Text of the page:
Why do you usually talk to someone? You might assume that your discussions are mostly to exchange information. If you think about your dialogues more carefully, you will notice that almost all your talking really has an alternate goal: to create, develop, or nurture a connection.
For example, a father might ask his young daughter how she slept last night. He probably does not simply mean to inquire just how comfortable the bed was or about the temperature in the room. Dad’s real goal is to express his concern for his child. He asks for the facts about her sleeping in order to demonstrate his love and caring for his daughter.
Similarly, if a mother asks her adolescent son why he came home past midnight the previous night, she is not really searching for the facts. She is probably seeking to convey a message both of concern and the importance of adhering to rules. A major part of the dialogue, the interpersonal connection, is unspoken. Even non-verbal cues, such as voice tone, shape of the mouth, or body posture, can add to the communication.
John M. Gottman, PhD, in his book The Relationship Cure, uses the term “bids for connection” to describe the underlying goals most of us have when we communicate with another. A bid can be something as small as a wink, a partial smile, or a quick kiss. Bids also can be whole statements or full conversations.
The unspoken goal of a bid is to create an emotional connection with the other individual. Each of us probably creates and receives hundreds of bids for connection each day from the people with whom we interact. Our relationships are built on our noticing bids from others and the responses we give to the bids.
There are three different responses that people can give to bids, similar to three situations one can encounter on the tennis court.
Imagine that you and a friend are on the court and your friend serves you the ball. You might serve back, and a pleasant and challenging volley will ensue.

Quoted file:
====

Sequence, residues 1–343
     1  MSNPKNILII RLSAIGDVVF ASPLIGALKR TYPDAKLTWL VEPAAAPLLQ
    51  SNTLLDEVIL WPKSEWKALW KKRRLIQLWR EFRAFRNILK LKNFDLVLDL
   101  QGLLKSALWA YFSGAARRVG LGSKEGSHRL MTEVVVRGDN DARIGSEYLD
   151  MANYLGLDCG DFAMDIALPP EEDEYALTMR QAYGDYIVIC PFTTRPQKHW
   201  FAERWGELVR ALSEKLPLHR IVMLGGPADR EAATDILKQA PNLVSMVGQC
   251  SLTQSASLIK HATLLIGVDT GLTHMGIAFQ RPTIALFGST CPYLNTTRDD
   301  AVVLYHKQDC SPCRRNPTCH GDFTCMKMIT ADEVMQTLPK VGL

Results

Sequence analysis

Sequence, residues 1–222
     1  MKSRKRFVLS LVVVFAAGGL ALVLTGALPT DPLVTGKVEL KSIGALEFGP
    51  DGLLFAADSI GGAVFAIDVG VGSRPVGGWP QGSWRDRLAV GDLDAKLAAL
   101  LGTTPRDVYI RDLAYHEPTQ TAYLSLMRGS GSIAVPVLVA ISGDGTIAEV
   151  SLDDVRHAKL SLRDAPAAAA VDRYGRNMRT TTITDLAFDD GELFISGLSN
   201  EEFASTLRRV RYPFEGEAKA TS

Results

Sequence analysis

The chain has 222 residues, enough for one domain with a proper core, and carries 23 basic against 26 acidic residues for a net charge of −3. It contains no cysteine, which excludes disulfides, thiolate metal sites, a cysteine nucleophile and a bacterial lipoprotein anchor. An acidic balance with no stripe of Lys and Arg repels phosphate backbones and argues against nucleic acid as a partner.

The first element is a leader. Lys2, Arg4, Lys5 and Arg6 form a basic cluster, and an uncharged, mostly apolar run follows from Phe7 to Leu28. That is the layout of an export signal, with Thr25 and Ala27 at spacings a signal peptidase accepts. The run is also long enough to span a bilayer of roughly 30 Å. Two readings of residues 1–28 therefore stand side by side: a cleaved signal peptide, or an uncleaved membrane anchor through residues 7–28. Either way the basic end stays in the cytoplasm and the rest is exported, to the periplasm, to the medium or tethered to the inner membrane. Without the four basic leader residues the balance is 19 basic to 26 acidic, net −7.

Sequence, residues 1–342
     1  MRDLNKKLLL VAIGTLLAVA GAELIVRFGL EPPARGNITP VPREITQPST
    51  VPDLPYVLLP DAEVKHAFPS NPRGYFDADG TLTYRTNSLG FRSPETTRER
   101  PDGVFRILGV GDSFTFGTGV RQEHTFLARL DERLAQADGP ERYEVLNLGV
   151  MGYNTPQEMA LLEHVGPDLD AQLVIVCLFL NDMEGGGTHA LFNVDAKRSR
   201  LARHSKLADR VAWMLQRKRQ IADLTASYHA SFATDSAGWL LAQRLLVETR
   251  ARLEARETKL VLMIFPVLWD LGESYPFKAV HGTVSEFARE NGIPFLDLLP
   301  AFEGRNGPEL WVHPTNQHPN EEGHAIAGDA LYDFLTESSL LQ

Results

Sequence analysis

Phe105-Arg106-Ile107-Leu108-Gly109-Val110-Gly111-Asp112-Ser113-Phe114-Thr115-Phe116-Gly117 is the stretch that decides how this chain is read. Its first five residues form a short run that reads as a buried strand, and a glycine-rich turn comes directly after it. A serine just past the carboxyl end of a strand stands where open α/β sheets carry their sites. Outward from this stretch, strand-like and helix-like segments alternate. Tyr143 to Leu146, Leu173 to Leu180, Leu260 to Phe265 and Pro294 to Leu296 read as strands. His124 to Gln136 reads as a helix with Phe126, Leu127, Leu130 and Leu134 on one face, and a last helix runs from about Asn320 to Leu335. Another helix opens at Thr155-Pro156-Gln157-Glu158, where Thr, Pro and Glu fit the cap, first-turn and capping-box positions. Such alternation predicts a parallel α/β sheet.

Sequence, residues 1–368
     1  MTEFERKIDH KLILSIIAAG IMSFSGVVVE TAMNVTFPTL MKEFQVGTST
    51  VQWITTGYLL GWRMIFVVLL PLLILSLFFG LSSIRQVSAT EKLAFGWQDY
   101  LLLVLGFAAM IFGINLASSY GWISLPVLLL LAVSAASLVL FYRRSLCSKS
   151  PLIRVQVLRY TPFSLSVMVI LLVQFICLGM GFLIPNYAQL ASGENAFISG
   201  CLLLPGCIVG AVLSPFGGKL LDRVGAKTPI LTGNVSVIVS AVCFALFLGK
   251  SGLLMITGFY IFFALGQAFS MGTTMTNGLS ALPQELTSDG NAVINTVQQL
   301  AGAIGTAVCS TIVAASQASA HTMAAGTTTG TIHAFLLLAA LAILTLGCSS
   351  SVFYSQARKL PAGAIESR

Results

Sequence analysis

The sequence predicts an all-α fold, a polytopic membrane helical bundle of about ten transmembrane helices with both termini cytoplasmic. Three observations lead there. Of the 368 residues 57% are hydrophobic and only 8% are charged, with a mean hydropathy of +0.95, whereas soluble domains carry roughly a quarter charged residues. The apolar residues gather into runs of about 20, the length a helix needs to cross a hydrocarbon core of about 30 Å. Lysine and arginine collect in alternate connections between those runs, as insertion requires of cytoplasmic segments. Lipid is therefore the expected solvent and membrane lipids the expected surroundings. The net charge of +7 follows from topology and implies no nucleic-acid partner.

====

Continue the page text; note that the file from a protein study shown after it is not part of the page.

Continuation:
But perhaps when your friend serves you, are looking at your phone and would rather text than return the ball to him. You see the ball coming and you choose to ignore it. How would he feel? The chances are that he would feel a bit bothered that you ignored him.
Or maybe you’re really upset that he served while you were texting so you angrily slam the ball back to him. How would he feel then? It is probable that he would feel indignant, insulted, and hurt.
Similarly, Dr. Gottman outlines that when someone makes a bid for connection to you, there are three possible responses that you can return:
- You can volley it back pleasantly, termed “turning toward”
- You can ignore, called “turning away”
- You can return it spitefully, known as “turning against”
The more turning toward responses there are in a relationship, the more positive the emotional connection will be. In Dr. Gottman’s research with couples, he found that couples who had about a 5:1 ratio of turning toward compared to other responses had a flourishing relationship. On the other hand, couples who had a ratio of about 3:2 of positive to negative usually could not stay married for the long term without counseling.
Dr. Gottman’s research can be applied to any relationship, within or outside of a family. But it can greatly enhance family interactions. For example, when a child says “good morning, Dad,” he does not really mean “I am hereby blessing you with a good morning.” His unstated goal is to enhance his connection with his father. So, if Dad responds warmly in kind, a beautiful volley takes place and the connection is augmented.
On the other hand, if the father is distracted on his phone and mumbles a low “’mornin’” back to his son, he is turning away. Consistent reactions like that will not improve a relationship. Now imagine what would happen if Dad says, “Good morning? It would be a good morning if you put your clothes away last night!” That would be turning away, like a slam back on the tennis court.
Similarly, if a girl comes home from school stressed and dismayed by her new teacher, new classmates or load of work, and she discusses it with her brother, she is making a bid for connection. It is brother’s choice to pick up on the bid and respond with a validating and empathic response, which will cement another brick in the tower of their relationship building. On the other hand, an unenergetic, distracted response might hurt their relationship’s growth. A response of, “well, you’re lazy and you’re not committed enough to school” might convey her brother’s authoritative advice, but won’t do a good job of enhancing the sibling relationship.
Parents, children, and siblings can exchange tens of bids each day. Each one can go a long way to enhancing and improving a relationship if it is turned to properly. Sometimes it is hard to see conversations as bids for connection. In truth, they are volleys on the court of family dynamics which family members can choose to respond to positively or negatively. Their decisions will not just affect the matter being discussed but their long-term relationships.
Family talking photo available from Shutterstock